If you are told you have the right to remain silent, for God's sake remain silent. That is called the Miranda Warning. The Miranda Warning is only given to someone who is the subject of a criminal investigation. Good investigators will minimize that. If I were going to give somebody the Miranda Warning-and I used to do that-I would say: “Doctor, you watch television don't you? You know what the Miranda Warning is? The Supreme Court says we have to give this to everybody we talk to now, so just bear with me for a second.” And then I would read it out and then I would ask whether there were any questions. Nothing to it, right? If you see it on television, there is nothing to it, so don't worry about it.

If you've disregarded everything else I have told you, and you have decided to talk to the investigator though he has told you you've got the right to remain silent, there is something still worse that you can do: give a written statement. Do not give a written statement. I will guarantee you this: a written statement will never ever ever ever ever be used in your favor. It will only be used against you.

Remember this: 95% of all of the cases-criminal, administrative, or civil-are settled. If you are going to have a negotiated settlement, the less information the other side has, the better. Knowledge is power. And where do they get most of the information? Who has the most information? You do.

When that audit shifts to the investigative stage, make a decision as to whether or not to be involved in it. And if you are going to give out information, do it through a third party. If I say you are a wonderful physician, that is advocacy. If you say it, it's ego. Have somebody else advocate for you, and have somebody else transmit information.

If you are invited to an informal or disciplinary conference before a licensing agency, make a decision as to whether or not to go. By no means go in without counsel. I agonize with my clients over this question. Most of the time, if my client is wrong, I don't go. I want them to file a formal complaint so I can see specifically what they are alleging. If my client is right, it becomes more problematic. If we have a very good position, we might be able to make the thing go away. Even if you do decide to talk to the investigator or go to a conference, remember this: you can stop at any time.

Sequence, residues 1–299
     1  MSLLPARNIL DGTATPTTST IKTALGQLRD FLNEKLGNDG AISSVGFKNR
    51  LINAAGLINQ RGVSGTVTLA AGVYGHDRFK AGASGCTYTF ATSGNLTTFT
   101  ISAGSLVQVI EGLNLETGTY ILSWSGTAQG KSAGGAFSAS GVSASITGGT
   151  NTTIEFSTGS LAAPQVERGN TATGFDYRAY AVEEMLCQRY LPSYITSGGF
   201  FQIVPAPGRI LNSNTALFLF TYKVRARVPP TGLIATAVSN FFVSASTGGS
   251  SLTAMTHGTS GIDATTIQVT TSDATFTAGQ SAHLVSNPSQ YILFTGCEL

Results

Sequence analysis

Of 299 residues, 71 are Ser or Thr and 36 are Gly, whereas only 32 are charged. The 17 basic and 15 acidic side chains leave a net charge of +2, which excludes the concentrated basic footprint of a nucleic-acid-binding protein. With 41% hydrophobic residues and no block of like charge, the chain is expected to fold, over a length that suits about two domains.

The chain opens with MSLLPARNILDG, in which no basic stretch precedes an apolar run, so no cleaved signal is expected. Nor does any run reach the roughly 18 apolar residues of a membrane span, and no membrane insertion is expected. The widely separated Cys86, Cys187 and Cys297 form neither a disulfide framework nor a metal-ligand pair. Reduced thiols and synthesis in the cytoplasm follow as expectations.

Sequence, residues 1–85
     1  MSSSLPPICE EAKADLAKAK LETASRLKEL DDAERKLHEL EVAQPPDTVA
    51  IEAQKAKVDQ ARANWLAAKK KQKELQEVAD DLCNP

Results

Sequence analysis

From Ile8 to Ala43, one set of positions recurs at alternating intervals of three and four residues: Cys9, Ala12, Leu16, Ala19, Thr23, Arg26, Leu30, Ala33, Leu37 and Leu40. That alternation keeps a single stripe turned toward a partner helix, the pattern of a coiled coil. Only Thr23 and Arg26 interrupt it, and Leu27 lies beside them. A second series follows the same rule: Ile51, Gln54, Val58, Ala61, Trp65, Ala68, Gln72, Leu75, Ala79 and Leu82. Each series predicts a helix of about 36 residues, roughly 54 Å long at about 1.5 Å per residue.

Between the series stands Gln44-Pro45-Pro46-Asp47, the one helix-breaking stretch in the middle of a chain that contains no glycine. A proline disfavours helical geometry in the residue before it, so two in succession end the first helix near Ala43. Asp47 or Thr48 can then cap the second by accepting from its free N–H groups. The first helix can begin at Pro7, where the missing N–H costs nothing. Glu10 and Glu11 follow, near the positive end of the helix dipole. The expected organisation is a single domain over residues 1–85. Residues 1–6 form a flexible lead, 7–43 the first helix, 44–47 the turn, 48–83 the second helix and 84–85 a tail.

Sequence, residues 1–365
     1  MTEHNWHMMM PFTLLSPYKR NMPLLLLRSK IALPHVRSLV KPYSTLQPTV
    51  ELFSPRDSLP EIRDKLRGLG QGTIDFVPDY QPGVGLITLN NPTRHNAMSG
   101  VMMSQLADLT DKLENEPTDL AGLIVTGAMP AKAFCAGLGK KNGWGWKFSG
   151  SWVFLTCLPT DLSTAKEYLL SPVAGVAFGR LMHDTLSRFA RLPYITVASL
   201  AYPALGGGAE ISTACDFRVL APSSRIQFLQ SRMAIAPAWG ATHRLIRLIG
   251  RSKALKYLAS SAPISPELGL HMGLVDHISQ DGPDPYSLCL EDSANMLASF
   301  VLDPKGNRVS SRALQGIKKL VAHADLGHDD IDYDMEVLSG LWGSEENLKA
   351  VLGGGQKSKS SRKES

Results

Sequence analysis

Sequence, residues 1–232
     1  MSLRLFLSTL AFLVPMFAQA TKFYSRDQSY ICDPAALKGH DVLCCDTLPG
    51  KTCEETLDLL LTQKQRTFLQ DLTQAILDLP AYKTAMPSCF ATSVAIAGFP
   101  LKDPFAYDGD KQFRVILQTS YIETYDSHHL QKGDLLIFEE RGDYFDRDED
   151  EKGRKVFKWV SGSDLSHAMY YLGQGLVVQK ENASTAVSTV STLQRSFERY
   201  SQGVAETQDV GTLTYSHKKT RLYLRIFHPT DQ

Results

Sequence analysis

Let me remind you: don't get in a hurry. Things change. Witnesses die; witnesses move. A case at first may seem very important to the prosecutor. If I can stall for a year, the prosecutor is looking at a way to get rid of it. There's a story in the Arabian Nights: The Shah of Persia decided to have two people executed. One sent a message saying that “if you don't execute me, I will teach your horse to fly.” The Shah was not stupid, but he had nothing to lose. The other condemned man wondered why bother: it was just postponing the inevitable.

“But think about this,” the man replied. “In a year the horse could die of natural causes; I don't know what happens then. In a year, I could die of natural causes, so it is no great loss. In a year the Shah could die. In a year the horse could fly.” I'll tell you something: I have seen horses fly.

Another problem: employees. As somebody once told me, Jesus had twelve. One doubted Him, one denied Him, one betrayed Him. That's a 25 percent failure rate for the person that some people think is the Son of God.

As an investigator, I was always looking for the weak link. In the language of the trade, I was looking for somebody to flip. The best case is to have the office manager testifying about how the doctor instructed her to miscode. The other term of the trade is a hammer. I am looking for something that can encourage the office manager to flip, such as something that she has done wrong.

My advice is very basic: Be careful who you let get close to you. The people closest to you are the ones that will betray you. Be nice to them. Give them clear instructions, preferably written instructions. If you know you are being investigated, call your staff in and tell them. If you really think you may have a problem, you might suggest to them that they get an attorney to represent them at your cost. But if you do that, be willing to pay for the attorney and stay out of it.

The last thing I've got to say is, remember, if you become the target of an investigation, you will get through it. You are going to practice medicine again. Life will go on.

[The complete transcript is posted under “Legal Matters.”]